The drive from Kigali to here took about two and a half hours and the scenery was beautiful. I had an idea of what it would look like after having visited the part of Uganda that borders Rwanda and my expectations were pretty much fulfilled. This part of the country is characterized by giant rolling green hills. This is a farming economy, so on each hill, there are plots of land carved out for farming and/or terraces built into the hills. Rwanda is nicknamed the “Land of a Thousand Hills” and the whole country is hilly. People even describe their homes based on which hill they live on. When someone described Kigali as “flat,” I laughed. But in comparison to the north, it is comparatively flat.
The university I will work at is called ISAE. (It’s a French acronym but in English it translates to the Higher Institute of Agriculture and Animal Husbandry.) I was a little anxious about arriving on the campus, but I couldn’t have been happier with the welcome. I was introduced to a few people at the university and they were all welcoming and friendly, but not in an overwhelming way. The director of continuing education, with whom I will be working most closely, did a great job of taking me under his wing for the day. We went into town to a few groceries and to start getting to know the place. At night, I was invited to his home for dinner. Also invited were my next door neighbor who is a female animal science teacher and another food science teacher. Over the course of dinner, I found out that this man actually spent the summer of 2007 studying at Cornell! It was funny to hear him talk about the buildings he worked in and lived in and to be able to picture it exactly.
That was Day 1. Day 2 was different because with the director having traveled to Kigali, I was on my own. I woke up and took a long time unpacking and organizing things. I made for breakfast some eggs and bread and butter and brewed a little of the Dunkin’ Donuts coffee which (along with peanut butter) was the luxury food item I decided to bring (even though I’m sure the coffee is great here). I was a little intimidated to leave my apartment. I cooped myself up for most of the day, intimidated by the prospect of going out and calling attention to myself. I admit it was silly, but I had basically decided that it was acceptable to stay in for one day and venture out the next. By 5:00 PM, though, I realized I was being ridiculous and that I should get out and go for a short walk around the compound I live on. I’m so glad I did! This campus is beautiful. Every walkway is lined with flowers. There is a constant red/purple plant interspersed with occasional yellow, red, and blue. The fragrance is the best part. You can see those giant green rolling hills in the distance.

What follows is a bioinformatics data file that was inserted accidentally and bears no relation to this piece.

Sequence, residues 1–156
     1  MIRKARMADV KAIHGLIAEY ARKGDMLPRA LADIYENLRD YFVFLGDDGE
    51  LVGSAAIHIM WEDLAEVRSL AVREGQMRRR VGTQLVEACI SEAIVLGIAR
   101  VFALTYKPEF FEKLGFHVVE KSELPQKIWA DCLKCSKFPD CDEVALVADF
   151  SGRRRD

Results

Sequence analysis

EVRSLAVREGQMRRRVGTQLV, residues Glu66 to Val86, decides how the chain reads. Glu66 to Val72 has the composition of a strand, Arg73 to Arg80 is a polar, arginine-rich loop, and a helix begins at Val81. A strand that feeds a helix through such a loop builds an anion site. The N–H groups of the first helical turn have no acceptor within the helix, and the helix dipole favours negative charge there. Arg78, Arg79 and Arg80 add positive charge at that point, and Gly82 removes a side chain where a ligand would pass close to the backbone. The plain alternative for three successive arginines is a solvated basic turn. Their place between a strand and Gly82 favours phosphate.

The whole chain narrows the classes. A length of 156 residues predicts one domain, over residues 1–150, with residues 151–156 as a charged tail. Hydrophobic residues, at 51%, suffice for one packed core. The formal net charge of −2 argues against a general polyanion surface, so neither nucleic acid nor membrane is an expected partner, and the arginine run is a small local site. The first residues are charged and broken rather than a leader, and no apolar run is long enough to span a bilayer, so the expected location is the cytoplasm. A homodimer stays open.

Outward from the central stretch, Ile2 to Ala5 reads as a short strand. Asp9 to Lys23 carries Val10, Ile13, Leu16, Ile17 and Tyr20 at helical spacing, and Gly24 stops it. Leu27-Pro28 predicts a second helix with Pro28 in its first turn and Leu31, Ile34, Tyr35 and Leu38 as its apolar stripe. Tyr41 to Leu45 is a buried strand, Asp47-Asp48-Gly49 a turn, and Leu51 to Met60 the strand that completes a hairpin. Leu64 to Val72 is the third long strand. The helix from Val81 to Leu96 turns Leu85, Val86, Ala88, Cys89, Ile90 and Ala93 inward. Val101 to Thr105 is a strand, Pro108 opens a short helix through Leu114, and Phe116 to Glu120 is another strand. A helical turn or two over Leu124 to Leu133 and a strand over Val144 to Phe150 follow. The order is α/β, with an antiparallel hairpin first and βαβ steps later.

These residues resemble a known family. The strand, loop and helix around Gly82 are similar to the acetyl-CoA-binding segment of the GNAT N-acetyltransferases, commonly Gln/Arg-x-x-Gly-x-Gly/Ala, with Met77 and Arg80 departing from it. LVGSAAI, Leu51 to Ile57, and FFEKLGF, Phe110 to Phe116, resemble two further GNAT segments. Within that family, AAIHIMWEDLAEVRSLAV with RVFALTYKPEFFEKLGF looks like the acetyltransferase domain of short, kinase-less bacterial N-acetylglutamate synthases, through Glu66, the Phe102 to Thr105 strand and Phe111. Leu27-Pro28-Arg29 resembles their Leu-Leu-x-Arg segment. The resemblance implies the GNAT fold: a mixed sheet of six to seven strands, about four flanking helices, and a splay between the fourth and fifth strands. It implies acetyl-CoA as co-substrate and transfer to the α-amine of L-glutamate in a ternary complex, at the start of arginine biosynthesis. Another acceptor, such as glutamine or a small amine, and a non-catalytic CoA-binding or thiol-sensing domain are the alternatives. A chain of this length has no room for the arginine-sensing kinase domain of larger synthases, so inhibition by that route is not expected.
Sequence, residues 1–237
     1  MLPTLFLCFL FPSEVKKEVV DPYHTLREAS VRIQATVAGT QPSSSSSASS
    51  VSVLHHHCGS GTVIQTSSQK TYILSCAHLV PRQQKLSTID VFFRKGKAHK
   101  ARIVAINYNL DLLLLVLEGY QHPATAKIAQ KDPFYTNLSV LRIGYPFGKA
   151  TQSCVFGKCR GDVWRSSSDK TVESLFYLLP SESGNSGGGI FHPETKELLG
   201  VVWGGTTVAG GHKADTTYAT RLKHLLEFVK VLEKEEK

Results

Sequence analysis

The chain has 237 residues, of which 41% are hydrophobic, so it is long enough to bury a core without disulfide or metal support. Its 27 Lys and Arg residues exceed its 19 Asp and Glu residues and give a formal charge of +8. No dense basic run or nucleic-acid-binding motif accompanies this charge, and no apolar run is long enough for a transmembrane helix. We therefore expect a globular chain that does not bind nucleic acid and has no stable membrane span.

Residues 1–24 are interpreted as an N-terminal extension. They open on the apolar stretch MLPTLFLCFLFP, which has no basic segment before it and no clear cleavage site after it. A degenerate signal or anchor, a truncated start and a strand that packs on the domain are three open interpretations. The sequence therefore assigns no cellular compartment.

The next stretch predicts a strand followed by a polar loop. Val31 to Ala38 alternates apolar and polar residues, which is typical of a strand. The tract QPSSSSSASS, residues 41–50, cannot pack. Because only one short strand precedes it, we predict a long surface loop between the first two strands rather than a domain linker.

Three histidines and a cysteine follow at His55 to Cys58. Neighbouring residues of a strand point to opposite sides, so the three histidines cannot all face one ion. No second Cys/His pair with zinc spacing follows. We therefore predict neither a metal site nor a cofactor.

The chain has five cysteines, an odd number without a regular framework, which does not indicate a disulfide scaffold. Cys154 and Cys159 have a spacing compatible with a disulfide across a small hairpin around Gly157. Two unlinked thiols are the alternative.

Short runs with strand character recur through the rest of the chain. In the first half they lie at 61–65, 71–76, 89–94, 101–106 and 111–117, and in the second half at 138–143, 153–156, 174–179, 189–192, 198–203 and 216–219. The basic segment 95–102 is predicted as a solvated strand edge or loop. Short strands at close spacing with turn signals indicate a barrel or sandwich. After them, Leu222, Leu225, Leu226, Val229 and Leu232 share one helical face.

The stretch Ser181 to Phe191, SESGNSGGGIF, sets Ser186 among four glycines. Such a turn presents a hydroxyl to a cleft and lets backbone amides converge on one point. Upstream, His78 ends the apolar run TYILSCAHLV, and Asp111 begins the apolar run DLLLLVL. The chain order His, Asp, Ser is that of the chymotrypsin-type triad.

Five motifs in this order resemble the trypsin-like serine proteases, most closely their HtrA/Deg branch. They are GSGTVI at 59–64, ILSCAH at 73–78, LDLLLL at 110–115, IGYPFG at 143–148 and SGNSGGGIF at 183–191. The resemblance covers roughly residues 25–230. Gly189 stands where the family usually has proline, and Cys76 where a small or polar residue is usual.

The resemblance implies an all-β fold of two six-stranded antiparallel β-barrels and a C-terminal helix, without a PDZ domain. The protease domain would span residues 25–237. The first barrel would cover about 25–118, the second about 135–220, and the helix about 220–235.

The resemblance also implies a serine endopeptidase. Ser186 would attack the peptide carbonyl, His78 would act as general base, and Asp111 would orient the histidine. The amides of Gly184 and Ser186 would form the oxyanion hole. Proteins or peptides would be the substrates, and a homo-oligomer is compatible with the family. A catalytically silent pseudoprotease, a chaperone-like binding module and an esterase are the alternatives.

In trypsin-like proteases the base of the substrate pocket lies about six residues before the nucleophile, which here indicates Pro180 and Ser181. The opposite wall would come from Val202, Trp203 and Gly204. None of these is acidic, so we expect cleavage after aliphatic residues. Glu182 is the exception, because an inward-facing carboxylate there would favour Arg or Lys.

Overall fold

The best thing that happened was that I met another neighbor, a Korean woman whose husband works at ISAE. I met her briefly – enough time for her to invite me for dinner. I had pretty much decided to make a peanut butter sandwich for dinner so I quickly and gladly accepted the offer of a real dinner. We had a very nice time. She has good English (though she doesn’t believe it), but is not fluent. So I got to taste some Korean food. Today, I had lunch with her and her husband and she gave me a tour of the vegetable gardens she keeps. Actually her garden is right outside my door. My Rwandan next door neighbor who I already mentioned is also great and she and the Korean woman are already friends so being with them together feels like being part of a little group.
So things are good so far and I learned a good lesson to take a chance and GO OUTSIDE. I think that comfort zones are only imagined. Something that seems uncomfortable when you think about it can actually prove totally comfortable once you actually do it. That goes for walking out the door as well as coming to Rwanda (and anywhere else) in general.